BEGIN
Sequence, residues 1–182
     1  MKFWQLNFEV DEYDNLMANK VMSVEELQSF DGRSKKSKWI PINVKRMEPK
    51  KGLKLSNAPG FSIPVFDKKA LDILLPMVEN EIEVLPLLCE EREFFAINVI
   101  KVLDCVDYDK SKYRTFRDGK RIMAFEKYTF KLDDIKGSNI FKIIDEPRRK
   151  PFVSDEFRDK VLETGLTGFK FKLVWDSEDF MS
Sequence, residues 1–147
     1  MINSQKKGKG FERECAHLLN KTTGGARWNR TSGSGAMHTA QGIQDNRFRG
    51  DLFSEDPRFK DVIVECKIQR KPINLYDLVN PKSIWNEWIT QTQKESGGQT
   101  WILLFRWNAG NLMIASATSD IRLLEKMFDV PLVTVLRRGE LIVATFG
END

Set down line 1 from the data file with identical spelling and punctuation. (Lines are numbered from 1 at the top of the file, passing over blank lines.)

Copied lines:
Sequence, residues 1–182